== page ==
Abstract: When a security incident happens, security teams identify the root cause and if it is in the code, they suggest a fix to the product team. In addition, they look for other instances of the same coding mistake, not just in the same code base, but throughout a software portfolio - this process is called “variant analysis”. Variant analysis is a search problem, but today it is often performed manually with simple tools like grep. I’ll discuss our experience creating a query engine for code that enables security experts to quickly perform deep, accurate analysis, in the form of concise queries that can be easily modified and shared. The technology is currently run on over 135,000 open source projects on LGTM.com. I’ll present some concrete examples of vulnerabilities that were discovered this way. There are interesting challenges in visualising the results of such deep analyses on huge code bases, and even more so when they’re run at scale across 10s of thousands of repositories.

Bio: Oege de Moor is the CEO and Founder of Semmle. Semmle's mission is to secure software, together: security researchers, developers and the community. From 1994 to 2014, Oege was a professor of computer science at the University of Oxford, where he did research in programming languages and tools. Semmle's products are used by Microsoft, Google, NASA, Uber, NASDAQ, Credit Suisse, Dell, and many other leading software organisations. It has offices in Oxford, Copenhagen, Valencia, New York, San Francisco and Seattle. The technology at Semmle is a fun combination of deep theory (if you like lattice theory, you'll like our engine), good engineering (making it work on some of the largest code bases on the planet) and cool applications (like the 0-days we report in open source). Semmle is always on the look-out for new team members.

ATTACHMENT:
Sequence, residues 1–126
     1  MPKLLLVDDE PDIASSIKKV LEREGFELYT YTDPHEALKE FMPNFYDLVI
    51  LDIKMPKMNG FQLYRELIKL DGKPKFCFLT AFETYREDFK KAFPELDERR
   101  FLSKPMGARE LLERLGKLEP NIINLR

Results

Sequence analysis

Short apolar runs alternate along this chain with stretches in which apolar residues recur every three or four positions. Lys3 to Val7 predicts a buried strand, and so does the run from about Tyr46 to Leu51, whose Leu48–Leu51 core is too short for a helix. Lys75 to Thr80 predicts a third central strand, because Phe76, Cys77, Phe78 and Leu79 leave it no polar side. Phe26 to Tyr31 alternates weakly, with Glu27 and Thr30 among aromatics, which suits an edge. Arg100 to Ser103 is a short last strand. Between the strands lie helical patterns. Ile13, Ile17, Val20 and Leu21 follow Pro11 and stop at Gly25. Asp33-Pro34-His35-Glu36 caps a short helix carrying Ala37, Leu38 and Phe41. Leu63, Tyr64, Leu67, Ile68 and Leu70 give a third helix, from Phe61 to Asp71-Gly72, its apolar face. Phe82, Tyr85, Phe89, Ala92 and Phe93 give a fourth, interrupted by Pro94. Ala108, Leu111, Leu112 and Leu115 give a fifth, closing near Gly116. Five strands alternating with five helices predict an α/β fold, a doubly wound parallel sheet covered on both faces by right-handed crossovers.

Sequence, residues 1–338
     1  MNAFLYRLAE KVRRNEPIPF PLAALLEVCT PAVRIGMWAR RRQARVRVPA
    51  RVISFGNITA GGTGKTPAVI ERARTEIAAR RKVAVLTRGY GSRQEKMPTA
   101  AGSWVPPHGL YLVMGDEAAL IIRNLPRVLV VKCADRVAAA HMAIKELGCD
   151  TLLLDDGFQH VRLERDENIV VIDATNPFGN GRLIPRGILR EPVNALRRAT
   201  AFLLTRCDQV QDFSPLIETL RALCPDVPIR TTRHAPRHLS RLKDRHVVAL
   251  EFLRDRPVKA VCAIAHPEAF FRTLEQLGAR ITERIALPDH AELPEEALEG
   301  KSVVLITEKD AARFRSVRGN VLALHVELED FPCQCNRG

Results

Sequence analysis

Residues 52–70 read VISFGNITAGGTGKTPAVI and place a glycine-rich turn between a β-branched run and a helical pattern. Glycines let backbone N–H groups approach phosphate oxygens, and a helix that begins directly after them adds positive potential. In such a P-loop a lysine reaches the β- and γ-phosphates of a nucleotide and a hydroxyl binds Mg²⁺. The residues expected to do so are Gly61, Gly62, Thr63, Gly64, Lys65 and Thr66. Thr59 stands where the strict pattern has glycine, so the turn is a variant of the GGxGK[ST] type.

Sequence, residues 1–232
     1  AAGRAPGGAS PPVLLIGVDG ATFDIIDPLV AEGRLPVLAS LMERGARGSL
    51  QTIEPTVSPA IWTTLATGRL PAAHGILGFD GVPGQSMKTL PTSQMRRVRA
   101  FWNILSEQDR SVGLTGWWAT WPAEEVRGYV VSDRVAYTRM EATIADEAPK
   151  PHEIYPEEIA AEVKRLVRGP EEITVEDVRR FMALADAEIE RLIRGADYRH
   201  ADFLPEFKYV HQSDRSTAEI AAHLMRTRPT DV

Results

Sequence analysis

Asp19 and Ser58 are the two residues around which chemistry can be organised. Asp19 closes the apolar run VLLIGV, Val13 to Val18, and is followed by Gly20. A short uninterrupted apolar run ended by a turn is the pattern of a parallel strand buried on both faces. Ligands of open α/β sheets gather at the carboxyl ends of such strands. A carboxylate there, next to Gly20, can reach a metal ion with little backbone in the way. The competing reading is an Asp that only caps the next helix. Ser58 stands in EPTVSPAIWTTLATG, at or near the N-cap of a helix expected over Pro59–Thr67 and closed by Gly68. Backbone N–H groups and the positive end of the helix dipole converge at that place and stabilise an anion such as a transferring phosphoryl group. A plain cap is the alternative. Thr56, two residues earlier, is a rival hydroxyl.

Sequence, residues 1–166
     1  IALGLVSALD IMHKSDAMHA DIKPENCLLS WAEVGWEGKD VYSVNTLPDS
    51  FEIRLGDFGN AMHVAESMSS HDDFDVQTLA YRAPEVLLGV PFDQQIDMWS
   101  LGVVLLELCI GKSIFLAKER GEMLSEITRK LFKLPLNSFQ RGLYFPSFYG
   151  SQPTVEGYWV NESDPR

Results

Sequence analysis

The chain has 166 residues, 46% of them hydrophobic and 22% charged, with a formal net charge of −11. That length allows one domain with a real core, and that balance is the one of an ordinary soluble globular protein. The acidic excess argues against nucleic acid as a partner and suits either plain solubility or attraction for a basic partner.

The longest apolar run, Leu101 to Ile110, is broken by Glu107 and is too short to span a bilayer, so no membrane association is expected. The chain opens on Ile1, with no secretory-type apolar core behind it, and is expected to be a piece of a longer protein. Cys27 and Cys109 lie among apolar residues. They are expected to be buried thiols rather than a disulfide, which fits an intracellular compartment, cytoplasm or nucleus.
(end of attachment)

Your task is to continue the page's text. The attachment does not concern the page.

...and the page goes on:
Call for Research Track Papers

The 19th IEEE International Working Conference on Source Code Analysis and Manipulation (SCAM 2019) aims to bring together researchers and practitioners working on theory, techniques, and applications that concern analysis and/or manipulation of the source code of software systems. The term "source code" refers to any fully executable description of a software system, such as machine code, (very) high-level languages, and executable graphical representations of systems. The term "analysis" refers to any (semi-)automated procedure that yields insight into source code, while "manipulation" refers to any automated or semi-automated procedure that takes and returns source code. While much attention in the wider software engineering community is directed towards other aspects of systems development and evolution, such as specification, design, and requirements engineering, it is the source code that contains the only precise description of the behavior of a system. Hence, the analysis and manipulation of source code remains a pressing concern for which SCAM 2019 solicits high quality paper submissions.

Covered Topics and Paper Formats

We welcome submission of papers that describe original and significant work in the field of source code analysis and manipulation. Topics of interest include, but are not limited to:

  • program transformation and refactoring
  • static and dynamic analysis
  • natural language analysis of source code artifacts
  • repository, revision, and change analysis
  • source level metrics